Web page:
Bissett, Bill (Contemporary Literary Criticism)
Bissett, Bill 1939–
A Canadian, Bissett is known as the lower case poet, never capitalizing any words and spelling them exactly as they sound. Bissett aims to involve all the senses in his poems and he writes mainly about a search for harmony. Although many critics find his verse both interesting and technically proficient, others argue that his use of language is too radical to be artistic. (See also Contemporary Authors, Vols. 69-72.)
What [Nobody Owns th Earth,] makes clearest is that Bill Bissett is specifically a religious poet. His vision is of a transcendent, static world, simple and hard in outline, paralleling our own complex and sordid one just beyond the usual limitations of human perception…. More Blakean than Emersonian, this other world can become visible to us during prayers, incantations, or dreams…. (p. 44)
At moments of extreme intensity—religious trances, sexual intercourse—the subject can enter completely into this elemental world of eternal condition. Thus early in Nobody Owns th Earth is a group of love poems…. The religious counterparts to these poems are the mantras, the prayers, the...
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Bissett is a poet-prophet, or at least believes he is. Legalized marijuana, universal love, and the undeniable fact that "nobody owns th earth", are three of Bissett's urgent requirements for Utopia or Heaven on Earth. And the very naiveté of his language and themes, the earnestness and complete personal belief he brings to poems—these make him oddly touching and, I think, worthwhile….
[There] is a core of integrity about poet-prophet-bissett one can't ignore. The reasons why one can't ignore him would be difficult to explain to (say) a panel of fifty middle-aged English profs never entirely weaned from Chaucer, Eliot and alcohol. In many ways, and in my own way, I agree with the things Bissett...
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In Bill Bissett, we continue to find a tremendous energy of form, directed almost against itself. Bissett reaches to the edges of language and destroys it, yet keeps returning. The visual forms on the page … always tend towards the destruction of any form they set up, while in sound Bissett returns to the strict and revivifying form of the chant. One tends to think of Bissett as a romantic artist, with a strong innate capacity for self-destruction, but he is also (at what I think is his best) capable of the strong control of his chants, or of the almost classical understatement…. Thus, for me the best things in Drifting Into War are the simple, controlled typestracts, produced by overtyping certain spaces...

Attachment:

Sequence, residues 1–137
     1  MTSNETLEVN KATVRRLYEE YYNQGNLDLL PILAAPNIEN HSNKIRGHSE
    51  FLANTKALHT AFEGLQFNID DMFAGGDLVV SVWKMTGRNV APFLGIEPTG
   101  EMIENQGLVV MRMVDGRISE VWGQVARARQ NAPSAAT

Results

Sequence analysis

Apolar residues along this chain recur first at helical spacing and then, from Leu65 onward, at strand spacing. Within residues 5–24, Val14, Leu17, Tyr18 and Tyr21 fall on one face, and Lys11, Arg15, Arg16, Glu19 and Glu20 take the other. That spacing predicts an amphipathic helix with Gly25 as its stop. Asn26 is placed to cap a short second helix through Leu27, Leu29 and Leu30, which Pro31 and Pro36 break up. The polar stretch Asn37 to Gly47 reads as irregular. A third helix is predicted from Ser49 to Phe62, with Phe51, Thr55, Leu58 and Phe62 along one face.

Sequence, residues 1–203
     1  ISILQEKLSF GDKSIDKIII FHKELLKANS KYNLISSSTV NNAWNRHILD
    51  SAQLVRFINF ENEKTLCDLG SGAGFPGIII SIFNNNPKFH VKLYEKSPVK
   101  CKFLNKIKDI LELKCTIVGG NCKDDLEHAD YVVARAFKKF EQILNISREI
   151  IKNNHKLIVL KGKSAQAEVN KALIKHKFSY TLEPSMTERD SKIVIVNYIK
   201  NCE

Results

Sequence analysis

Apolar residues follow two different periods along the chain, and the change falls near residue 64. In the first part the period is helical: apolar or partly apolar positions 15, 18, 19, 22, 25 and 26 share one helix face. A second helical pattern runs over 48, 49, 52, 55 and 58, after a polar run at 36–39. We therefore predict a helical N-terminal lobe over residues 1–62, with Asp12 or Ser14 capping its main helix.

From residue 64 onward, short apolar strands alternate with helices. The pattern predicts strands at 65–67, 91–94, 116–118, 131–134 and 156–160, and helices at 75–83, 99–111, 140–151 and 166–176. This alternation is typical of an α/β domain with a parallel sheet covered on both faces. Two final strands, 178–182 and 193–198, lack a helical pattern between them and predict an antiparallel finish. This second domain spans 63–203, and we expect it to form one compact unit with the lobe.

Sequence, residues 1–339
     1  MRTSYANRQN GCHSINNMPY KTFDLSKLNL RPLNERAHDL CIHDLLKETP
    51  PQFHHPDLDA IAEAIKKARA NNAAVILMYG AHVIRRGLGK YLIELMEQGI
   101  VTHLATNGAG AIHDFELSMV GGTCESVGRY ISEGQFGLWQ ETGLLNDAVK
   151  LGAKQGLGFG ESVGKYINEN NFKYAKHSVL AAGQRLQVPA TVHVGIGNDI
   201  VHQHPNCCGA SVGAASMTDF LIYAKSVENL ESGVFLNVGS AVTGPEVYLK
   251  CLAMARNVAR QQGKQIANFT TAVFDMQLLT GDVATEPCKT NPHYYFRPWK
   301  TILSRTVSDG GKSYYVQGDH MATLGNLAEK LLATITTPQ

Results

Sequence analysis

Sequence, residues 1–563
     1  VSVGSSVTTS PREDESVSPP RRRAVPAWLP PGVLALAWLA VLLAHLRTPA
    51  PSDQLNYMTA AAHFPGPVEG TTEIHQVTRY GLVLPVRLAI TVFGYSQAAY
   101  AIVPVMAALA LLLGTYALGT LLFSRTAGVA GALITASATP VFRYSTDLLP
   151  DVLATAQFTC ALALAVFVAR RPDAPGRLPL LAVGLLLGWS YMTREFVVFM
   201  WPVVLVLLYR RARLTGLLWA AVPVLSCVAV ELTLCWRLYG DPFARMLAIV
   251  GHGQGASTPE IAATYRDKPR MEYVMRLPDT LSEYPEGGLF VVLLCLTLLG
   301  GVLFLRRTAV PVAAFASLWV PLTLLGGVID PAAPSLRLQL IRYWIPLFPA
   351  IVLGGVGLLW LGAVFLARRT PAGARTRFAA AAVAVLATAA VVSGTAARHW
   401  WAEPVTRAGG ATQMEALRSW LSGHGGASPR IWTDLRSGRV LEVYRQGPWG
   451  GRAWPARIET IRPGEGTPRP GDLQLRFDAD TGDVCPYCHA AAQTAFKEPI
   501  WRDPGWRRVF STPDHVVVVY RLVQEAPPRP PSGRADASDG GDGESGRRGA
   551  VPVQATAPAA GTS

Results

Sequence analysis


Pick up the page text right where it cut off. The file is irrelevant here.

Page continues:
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[It might be argued that randomness and] deliberate abdication of selectivity and control are so central to Bissett's aesthetic and life-style that it would seem like a distortion of his vision for him to present a tightly edited, carefully chosen selection….
Nor is it absolutely clear that Bissett at his best does depend on uncontrolled haphazardness. On the contrary, his chants depend on a very strict manipulation of rhythmical effects…. Moreover, in some of his longer satirical poems—I'm thinking especially of "Th' Emergency Ward" and "Killer Whale"—the pretence of the poem's being an unadulterated recital of facts is surely just a pretence. These poems practice a kind of...
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While bissett's poetic is fairly obvious in many of his volumes, two are expressly addressed to questions of language and style: Rush / What Fuckan Theory (1971) and Words in th Fire (1972). The first of these is a book subverted by its own attitudes. As an assertion of bissett's idea that relationships such as hierarchy, cause-effect sequences, and linear writing are repressive, Rush proclaims its defiance by remaining determinedly incoherent. The verbal chaos is extreme; only occasionally are there passages of striking intellectual or lyrical interest. Almost all the important points in bissett's aesthetic view which are diffused, obscured and repeated elsewhere in the book, are tellingly...
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Bissett's poetry and that of the blewointment coterie is meant to sound like street language, the language of the people in the street, albeit the severely limited vocabulary of a narrow-minded and elitist neighbourhood. Indeed, bissett's and the others' poetry sounds like the talk of people who would be the least interested in the written word—illeducated, arrested adolescents suffering from imaginative fatigue and an OD of imported, second-rate American plastic. What is so ironic about bissett's Anti-American rhetoric is that he is one of the most American poets that we have, in his obsessions and approaches to poetic technique, and with his warmed up left-overs of 60's American counter-culture. Reading bissett...
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